The Art of Getting Wet
Posted on 3rd March 2018
In the summer of 1936, a Chinese artist made a visit to the Lake District and recorded what he found there in prose, poetry and painting. Chiang Yee was an academic who, at the time of his visit to the Lakes, taught Chinese at the School of Oriental Studies, University of London. He had come to London in 1933 and studied for an MSc in Economics at the London School of Economics.
His Lakeland journal was published by Country Life in 1937, entitled, The Silent Traveller, A Chinese Artist in Lakeland. It’s a short book, running to just 67 pages, but it is rather wonderful and contains twelve plates depicting Lakeland scenes painted in the Chinese style and a preface by Herbert Read. The book was reprinted a number of times; my own copy is the 1944 reprint, which sold for eight shillings and sixpence (equivalent to about £13.30 today).
This imprint of the book was printed to the “War Economy Standard”. During the Second World War, paper was rationed and the supply of paper to publishers was reduced to 60% of what they had previously used. Publishers also agreed to abide by strict guidelines set by the Ministry of Supply which dictated print size, number of words per page and the use of blank pages in an effort to use paper more efficiently.
Despite its age, the book is in remarkably good condition. Inevitably, the paper has yellowed but there is very little foxing and the original paper jacket is largely intact.
Chiang Yee went on to publish a series of “Silent Traveller” books about visits to other locations in the UK and around the world, the last of which was The Silent Traveller in Japan, published in 1972. He died at home in China in 1977.
The Lakeland book is fascinating, not only because it is the first of The Silent Traveller books, but mostly because it depicts a social scene, modes of transport and other historical anachronisms that have changed beyond recognition, set against a landscape that has barely changed at all. This historical dissonance is mediated through the senses of someone to whom both English society and Cumbrian landscape are completely alien. The result is amusing and highly informative.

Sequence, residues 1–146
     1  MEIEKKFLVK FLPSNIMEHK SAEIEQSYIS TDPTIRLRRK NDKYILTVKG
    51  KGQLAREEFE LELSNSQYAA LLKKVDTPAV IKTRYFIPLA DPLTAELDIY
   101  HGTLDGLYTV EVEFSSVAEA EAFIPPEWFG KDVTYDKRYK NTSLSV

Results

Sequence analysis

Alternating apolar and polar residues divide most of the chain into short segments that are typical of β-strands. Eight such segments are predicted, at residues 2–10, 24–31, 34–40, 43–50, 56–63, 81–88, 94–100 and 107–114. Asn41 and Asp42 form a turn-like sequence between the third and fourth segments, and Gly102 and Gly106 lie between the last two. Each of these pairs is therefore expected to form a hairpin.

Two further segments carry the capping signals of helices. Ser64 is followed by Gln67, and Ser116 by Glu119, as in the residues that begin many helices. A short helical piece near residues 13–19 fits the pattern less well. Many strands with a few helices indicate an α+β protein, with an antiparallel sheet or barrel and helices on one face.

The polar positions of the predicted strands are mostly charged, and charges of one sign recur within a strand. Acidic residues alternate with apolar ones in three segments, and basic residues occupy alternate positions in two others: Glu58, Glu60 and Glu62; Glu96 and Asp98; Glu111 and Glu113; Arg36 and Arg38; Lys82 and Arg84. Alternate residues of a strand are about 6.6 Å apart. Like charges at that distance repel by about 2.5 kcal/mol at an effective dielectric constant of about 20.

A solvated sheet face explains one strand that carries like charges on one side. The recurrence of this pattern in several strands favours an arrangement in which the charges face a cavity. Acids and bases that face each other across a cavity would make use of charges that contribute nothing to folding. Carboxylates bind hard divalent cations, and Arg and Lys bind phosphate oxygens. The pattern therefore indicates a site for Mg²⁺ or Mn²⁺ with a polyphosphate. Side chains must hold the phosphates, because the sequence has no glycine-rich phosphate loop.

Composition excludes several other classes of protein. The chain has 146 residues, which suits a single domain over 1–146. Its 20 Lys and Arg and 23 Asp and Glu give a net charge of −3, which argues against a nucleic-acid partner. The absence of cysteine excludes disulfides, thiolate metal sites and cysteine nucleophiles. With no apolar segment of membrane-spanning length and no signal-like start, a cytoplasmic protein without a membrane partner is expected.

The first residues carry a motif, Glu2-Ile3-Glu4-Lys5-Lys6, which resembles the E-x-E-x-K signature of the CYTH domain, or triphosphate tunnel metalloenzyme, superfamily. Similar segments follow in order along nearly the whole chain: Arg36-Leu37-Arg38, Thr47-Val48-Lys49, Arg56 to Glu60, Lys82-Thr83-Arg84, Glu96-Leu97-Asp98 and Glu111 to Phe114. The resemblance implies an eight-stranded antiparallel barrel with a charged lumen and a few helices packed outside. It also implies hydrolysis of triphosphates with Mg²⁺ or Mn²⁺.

The book begins with Chiang arriving at the tiny railway station of Seascale at eight o’clock in the evening of 31st July, 1936 and his attempt to reach his lodgings at Wasdale Head, thirteen miles away.
“I was expecting to be met by someone from the lodgings, for I had made arrangements with the landlady beforehand. The wind grew fiercer and fiercer and the rain fell in torrents.”
And so begins a typically wet summer visit to the Lake District.
Chiang eventually reaches the farmhouse at Wasdale Head where he has arranged to stay and experiences a familiar English welcome.
“On arriving at my destination, the landlady seemed not to have expected me to-day; though the welcome was not warm I was attracted by the appearance of her small farmhouse, totally different from the Chinese ones…”
At no point in the book does Chiang mention or even allude to racism but for the contemporary reader, it’s hard not to wonder whether that was what he experienced.
Of course, he visits the Lake District to experience the mountains and not the people. The book is full of comparisons between the landscape he knows from home in China and that of the Cumbrian Fells. Mostly, he is beguiled by what he finds and spends the first few days of his trip around Wasdale and the shores of Wastwater.
Chiang is bemused by the outdoor clothing of other visitors and appears to be totally unprepared for the weather and the terrain. At one point he has to turn back one third of the way up “Scawfell”. Describing his companion on that walk, he says:
“He was fully equipped for climbing, but I looked like nothing else but a London sightseer, with a small camera in my hand…
…Before we had gone far we found ourselves impeded by streams, and every place was terribly wet. My companion was worried about my thin shoes and socks, but though these were soaked through already, I really did not care at all.”